Phantoms for Diagnostic Ultrasound Equipment
Edinburgh Pipe Phantom
Developed by the NHS Lothian Medical Physics Department, and demonstrated at the "York" ultrasound meeting this phantom gives medical physicists a method of monitoring the performance of a diagnostic ultrasound scanner over time or comparing the performance of one diagnostic ultrasound scanner against another
The Edinburgh Pipe Phantom is a measurement tool that allows ultrasound greyscale performance to be characterised for a particular ultrasound scanner / transducer combination, and with imaging techniques such as harmonic imaging, speckle reduction and compound imaging. The phantom consists of a series of fluid-filled cylindrical voids (pipes) embedded in a tissue-mimicking material (TMM) which is contained in a rigid enclosure. The pipes are parallel and inclined at an angle of 50 degrees relative to the base of the phantom.
Quantities known as the Resolution Integral, Depth of Field and Characteristic Resolution are used to characterise transducer performance. The Resolution Integral is essentially the ratio of penetration to lateral & elevation resolution, measured from the surface of the phantom through the full depth range of the image. Depth of Field defines a region of optimum resolution, and Characteristic Resolution is representative of the lateral & elevation resolution within the Depth of Field. The three quantities are related by the expression Resolution Integral = Depth of Field / Characteristic Resolution. Measurements are carried out by assessing the minimum and maximum depths at which each pipe can be visualised. The number of visible pipes will depend on ultrasonic frequency and the properties of the scanner / transducer combination.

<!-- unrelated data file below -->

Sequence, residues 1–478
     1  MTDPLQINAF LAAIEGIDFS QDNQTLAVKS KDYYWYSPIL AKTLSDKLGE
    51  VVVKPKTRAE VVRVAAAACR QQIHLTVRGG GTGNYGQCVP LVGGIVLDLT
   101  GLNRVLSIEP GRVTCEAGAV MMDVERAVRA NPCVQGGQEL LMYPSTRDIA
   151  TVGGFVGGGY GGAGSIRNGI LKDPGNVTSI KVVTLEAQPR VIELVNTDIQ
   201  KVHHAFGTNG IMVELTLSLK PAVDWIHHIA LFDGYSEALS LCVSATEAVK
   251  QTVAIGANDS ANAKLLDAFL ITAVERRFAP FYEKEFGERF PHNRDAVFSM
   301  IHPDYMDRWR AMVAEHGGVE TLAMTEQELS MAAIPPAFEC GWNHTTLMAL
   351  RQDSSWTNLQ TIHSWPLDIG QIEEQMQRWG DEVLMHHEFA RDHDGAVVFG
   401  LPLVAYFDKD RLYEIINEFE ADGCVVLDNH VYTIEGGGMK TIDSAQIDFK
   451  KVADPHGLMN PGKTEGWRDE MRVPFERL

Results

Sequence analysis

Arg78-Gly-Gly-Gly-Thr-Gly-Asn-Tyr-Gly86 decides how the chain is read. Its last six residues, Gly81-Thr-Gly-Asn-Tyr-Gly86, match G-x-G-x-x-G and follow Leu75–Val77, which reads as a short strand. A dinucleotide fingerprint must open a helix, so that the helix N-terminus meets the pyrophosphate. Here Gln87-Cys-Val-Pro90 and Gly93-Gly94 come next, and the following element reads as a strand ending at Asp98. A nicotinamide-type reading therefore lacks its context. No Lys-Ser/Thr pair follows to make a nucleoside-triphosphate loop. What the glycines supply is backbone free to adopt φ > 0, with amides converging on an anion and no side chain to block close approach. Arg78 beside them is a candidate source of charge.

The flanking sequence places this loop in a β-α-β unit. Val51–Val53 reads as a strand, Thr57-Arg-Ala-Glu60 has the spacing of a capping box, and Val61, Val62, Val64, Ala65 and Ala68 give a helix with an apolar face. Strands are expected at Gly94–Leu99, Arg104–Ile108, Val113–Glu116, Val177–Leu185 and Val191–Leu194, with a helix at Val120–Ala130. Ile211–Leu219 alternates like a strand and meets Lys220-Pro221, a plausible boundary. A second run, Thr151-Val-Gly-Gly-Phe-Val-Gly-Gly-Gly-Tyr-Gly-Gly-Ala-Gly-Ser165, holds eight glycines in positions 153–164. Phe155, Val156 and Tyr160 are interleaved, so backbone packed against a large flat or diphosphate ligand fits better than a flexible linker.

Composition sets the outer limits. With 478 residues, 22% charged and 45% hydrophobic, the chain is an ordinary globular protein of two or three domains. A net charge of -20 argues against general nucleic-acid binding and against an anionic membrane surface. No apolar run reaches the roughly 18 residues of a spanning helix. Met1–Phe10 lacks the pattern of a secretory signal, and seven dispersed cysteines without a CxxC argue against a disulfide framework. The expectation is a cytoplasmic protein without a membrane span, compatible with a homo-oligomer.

Further details of the analysis method can be found in the following publications:
· The Resolution Integral: visual and computational approaches to characterizing ultrasound images” PMB, Vol 55, 5067-5088.
· Moran C M, Smart S, Ellis W, Pye S D. Characterising the performance of a high resolution ultrasound scanner for pre-clinical ultrasound imaging. Proc 2008 IEEE Ultrasonics Symposium pp1724-1727
· Pye S D, Ellis W, MacGillivray T. Medical ultrasound: a new metric of performance for grey-scale imaging. Journal of Physics: Conf Series 1; 2004, 187-192
· Enclosure: constructed of Perspex (plexiglass) with a 10mm thickness of Precision Acoustics F28 Acoustic Absorber at the base
· Number of pipes: 12 in total – 2x0.42mm, 2x0.56mm, 1 of all other sizes
· Pipe diameters (mm): 0.42, 0.56, 0.72, 1.0, 1.5, 2.0, 3.0, 4.0, 6.0, 7.9
· Acoustic properties of the IEC TMM used in the phantom are described in Ramnarine et al. Construction and geometric stability of physiological wall-less stenosis phantoms. Ultrasound Med Biol; 2001, 27 245-250
The phantom consists of a series of "pipes" which when scanned can be resolved. The results are analysed using an algorithm to minimise subjectivity in the results.
For a PDF file with more details on the analysis contact David Bell, at firstname.lastname@example.org